Tube strike set to go ahead in night service row

  • Published
Crowds at Stratford station on 9 JulyImage source, PA
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Tube stations will close for the second time following a 24-hour walkout in July

A fresh 24-hour Tube strike is due to start from 18:30 BST following the failure of talks to resolve a dispute between unions and London Underground.

All stations are expected to close, with the four main Tube workers' unions supporting the industrial action.

Drivers are unhappy at pay and conditions offered for working on the new night service.

London Underground (LU) apologised for the disruption, saying the latest offer aimed at improving work-life balance.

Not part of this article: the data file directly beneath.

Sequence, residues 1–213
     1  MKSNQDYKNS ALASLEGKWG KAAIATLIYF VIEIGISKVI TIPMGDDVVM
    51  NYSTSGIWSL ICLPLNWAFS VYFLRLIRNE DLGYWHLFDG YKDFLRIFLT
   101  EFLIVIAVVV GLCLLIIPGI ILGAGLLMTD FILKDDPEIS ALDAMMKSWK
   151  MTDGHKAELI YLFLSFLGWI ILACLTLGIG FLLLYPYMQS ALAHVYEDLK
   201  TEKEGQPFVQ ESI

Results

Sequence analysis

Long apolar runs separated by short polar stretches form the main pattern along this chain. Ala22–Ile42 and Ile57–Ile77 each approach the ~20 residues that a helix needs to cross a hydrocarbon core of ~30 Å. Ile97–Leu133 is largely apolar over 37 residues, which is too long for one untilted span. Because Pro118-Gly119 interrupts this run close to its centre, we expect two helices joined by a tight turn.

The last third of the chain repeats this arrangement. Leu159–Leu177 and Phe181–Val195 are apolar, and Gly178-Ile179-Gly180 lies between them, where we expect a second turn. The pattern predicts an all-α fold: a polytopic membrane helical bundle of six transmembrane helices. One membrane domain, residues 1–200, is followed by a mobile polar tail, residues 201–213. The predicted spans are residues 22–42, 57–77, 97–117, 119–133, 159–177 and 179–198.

Mayor Boris Johnson called the offer "incredibly generous", said he would not authorise any more money being added to it, and said he was "not fussed" about the night service starting on 12 September as planned, as long as it started in the autumn.

One official from the Rail, Maritime and Transport union (RMT), told BBC London members would "escalate action" in the run-up to the scheduled start of the night Tube service.

The latest strike will be the second time Tube stations across the capital have closed in the current dispute, following a 24-hour walkout on 8-9 July.

Image source, PA
Image caption,
Drivers are unhappy at pay and conditions offered for working on the new night service
Image source, EPA